After 1st century AD it was recorded by many other Greek and Roman authors by names Arba, Arva.

Its Medieval Dalmatian speaking population was using Arbe, Arbia, Arbiana, Arbitana and the most frequently Arbum in the documents written in Latin language.

Arbe became also Venetian name of the city in 15th century when it fell under authority of the Republic of Venice.

Croats translated it to Rab in the spirit of their language (Croatian), probably already in 7th century when they settled the island. However the first record of Croatian name was saved in the middle of 15th century (in a Latin document of establishment of Franciscan monastery St. Eufemija), since the city was slowly inhabited by Croats, not before 10th century, unlike the rest of the island and all of the region.

First known bishop of Rab participated at the provincial assembly in Salona in 15th June 530 and 4th May 533. His signs were Ticyanus episcopus ecclesiae Arbensis (530) and Ticyanus episcopus sanctae ecclesiae Arbensis (533).

Similarity: (Zadar) JadraJadrensis; (Rab) Arba?, ArbeArbensis. In both cases Dalmatian language names with identical formation of genitives in the documents written in Latin language. Also another similarity - for some documents in 13th, 14th century - administrative Latin names developed from initial Dalmatian names: Jaderatina, Arbitana. Zenanarh (talk) 16:39, 16 April 2008

Parable of the Prodigal SonEdit

I've added the english version. I think what I've put fits perfectly with the dalmatian version. Bardeluc (talk) 13:18, 8 August 2008 (UTC)

It's OK, I added "and He said" at the beginning, because it is in the Dalmatic text also.--DaniloVilicic (talk) 20:29, 2 February 2009 (UTC)

to the editorsEdit

This article and the discussions above are proof of the bias of the compilers. If they were objective they would recognise that:

1) to date there are Dalmatian speakers, one has only to go on the spot and do some field research.

2) according to reliable sources (since the napoleonic times we had censuses: ie the survey conducted by French general Marmont and then the censuses of the Austrian Empire) there were numerous Italian speakers in Dalmatia. These included Dalmatian speakers and other who spoke Venetian Italian as in Zara.

3)All the contributions of the Croat linguists here are biased as they try to prove that Dalmatian language was superseded by Croatian first and that Latin speakers there were later immigrants from Venice Republic or other parts of Italy. However they are unable to give evidence of this fact unless anecdotical. In Zara lived tens of thousands of people before 1943 and almost no Croatians. Is it credible that all of them were not the descendents of the original Dalmatians but later Venetian immigrants? It is only a natural phenomenon that the language of the dominant power becomes accepted by locals when it is relatively closely related as Romance languages are. A good example are the county of Nice and Corse. Speakers of local Ligurian (earlier) and Corse (later) little by little accepted the use of French.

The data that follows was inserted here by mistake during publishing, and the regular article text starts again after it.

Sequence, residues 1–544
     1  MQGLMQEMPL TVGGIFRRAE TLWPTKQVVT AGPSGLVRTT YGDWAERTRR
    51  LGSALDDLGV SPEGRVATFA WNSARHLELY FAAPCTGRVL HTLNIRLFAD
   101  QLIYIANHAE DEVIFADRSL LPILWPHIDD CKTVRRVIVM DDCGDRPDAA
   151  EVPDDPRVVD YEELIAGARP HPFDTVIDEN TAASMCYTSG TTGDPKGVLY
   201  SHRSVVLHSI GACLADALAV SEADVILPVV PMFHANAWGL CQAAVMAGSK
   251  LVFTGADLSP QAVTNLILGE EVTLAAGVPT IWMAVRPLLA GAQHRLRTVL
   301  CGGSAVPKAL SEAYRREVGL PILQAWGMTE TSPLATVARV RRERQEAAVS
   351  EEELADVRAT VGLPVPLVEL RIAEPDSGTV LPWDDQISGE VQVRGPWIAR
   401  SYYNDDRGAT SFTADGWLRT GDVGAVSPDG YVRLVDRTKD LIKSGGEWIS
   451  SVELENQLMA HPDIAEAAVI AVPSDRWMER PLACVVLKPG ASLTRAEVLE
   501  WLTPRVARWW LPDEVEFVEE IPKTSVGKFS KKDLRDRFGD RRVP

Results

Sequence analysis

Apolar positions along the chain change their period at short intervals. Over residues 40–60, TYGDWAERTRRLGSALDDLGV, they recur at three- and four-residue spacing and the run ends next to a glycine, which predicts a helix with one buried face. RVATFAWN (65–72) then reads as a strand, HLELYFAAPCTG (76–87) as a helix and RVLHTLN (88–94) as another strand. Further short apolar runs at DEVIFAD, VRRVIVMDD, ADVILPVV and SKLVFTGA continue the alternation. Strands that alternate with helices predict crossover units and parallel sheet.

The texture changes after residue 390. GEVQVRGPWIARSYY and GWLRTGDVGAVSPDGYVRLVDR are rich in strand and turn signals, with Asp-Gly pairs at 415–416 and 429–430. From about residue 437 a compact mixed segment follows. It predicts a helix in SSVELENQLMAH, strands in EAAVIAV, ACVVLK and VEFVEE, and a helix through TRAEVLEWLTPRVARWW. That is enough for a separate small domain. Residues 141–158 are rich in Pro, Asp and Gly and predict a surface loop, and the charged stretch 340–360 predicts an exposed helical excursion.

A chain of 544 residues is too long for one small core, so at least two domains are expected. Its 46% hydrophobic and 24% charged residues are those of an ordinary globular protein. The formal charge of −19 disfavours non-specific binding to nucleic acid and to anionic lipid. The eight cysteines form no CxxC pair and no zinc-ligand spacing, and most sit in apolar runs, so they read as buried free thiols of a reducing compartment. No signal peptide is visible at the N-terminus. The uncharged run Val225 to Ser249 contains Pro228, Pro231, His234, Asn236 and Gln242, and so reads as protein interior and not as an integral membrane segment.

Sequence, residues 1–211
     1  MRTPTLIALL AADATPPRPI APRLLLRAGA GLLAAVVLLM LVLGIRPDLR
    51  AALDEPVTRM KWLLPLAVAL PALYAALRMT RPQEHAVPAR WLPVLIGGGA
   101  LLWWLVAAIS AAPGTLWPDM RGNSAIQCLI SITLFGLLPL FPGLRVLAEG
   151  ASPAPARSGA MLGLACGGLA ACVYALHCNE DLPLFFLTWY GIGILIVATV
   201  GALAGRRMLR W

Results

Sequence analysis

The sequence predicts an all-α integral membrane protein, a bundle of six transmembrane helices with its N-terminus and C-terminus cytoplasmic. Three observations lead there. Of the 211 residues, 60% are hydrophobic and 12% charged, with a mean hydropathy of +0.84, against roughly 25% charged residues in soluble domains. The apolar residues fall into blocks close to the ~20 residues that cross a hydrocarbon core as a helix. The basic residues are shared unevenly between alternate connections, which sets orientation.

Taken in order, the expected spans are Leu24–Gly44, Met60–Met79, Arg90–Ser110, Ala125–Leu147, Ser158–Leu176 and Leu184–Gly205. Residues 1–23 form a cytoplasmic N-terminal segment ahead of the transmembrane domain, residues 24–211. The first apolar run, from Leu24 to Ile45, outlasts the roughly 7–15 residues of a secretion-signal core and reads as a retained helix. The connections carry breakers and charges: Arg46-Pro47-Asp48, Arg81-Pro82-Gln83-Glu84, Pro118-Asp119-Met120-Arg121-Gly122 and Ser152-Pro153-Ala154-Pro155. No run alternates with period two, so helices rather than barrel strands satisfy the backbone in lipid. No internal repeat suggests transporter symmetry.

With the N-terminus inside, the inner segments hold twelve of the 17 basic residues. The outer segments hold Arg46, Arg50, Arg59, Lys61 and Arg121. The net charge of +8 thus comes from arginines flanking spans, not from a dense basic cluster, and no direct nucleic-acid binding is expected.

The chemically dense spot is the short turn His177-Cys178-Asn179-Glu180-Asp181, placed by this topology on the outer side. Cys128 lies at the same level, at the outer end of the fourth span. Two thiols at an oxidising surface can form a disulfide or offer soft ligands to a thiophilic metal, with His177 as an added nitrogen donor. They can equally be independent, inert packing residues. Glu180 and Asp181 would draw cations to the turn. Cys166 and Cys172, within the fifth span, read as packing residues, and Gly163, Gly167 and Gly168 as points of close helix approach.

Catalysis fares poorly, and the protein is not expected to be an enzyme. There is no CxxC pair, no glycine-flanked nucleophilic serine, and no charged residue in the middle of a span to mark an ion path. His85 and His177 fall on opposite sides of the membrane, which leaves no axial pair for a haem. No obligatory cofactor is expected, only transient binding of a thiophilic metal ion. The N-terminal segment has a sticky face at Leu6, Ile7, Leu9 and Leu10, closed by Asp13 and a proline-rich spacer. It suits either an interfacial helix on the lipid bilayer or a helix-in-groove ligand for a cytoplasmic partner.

4) It would be interesting to conduct a survey on surnames (easy: just take a phone directory). Many Ragusean surnames look Italian, not Venetians. But similar to those of Abruzzi and Molise or even Tuscany. I can testify that autoctone ragusean families accepted the use of Tuscan Italian having met in 1985 a gentleman from this city who asserted: "My family is originary of Ragusa. In my family we have always spoken Italian". His Italian was good and bore no traces of Venetian influence.Aldrasto (talk) 05:10, 31 October 2009 (UTC)

The Dalmatian language described in this article is extinct long time ago, and is not a "dialect of Italian", but in fact completely separate Romance dialect, separated by Italian by several ancient isoglosses. --Ivan Štambuk (talk) 14:17, 31 October 2009 (UTC)

1) There are no Dalmatian language speakers anymore, but a large part of that vocabulary is saved in Chakavian dialect of Croatian language which originated as symbiosis of Dalmatian and proto-Slavic in the Early Medieval through process of Slavization.

2) In the beginning of the 19th century there was around 15.000 Italian speakers in Dalmatia which was around 5% of Dalmatian population.

3) In the 9th century population of Jadera (Zadar) was bilingual: Croatian and Dalmatian. In the 10th century population in Jadera was predominatly Croatian speaking. In the 13th and 14th century almost all names in notary were Croatian. In the 16th century only noblemen were able to use Venetian there. Italianization of Zara (Zadar) was unsuccesful during Venetian republic, it really occurred not earlier than in 2nd half of the 19th century, but Italian domination in population occurred only in 1918 when Italian army entered the city.

4) It was noble to speak Italian in higher circles, which has nothing to do with ethnicity in those times. However it's stupid to reflect habits of a few noble families onto overall population of the city and surrounding and derive completely wrong conclusions from that. Zenanarh (talk) 09:58, 4 November 2009 (UTC)

2) The number of Italians in 1845 was 45 000 according to the Austrian census (see original document, link in the discussion on voice Zadar).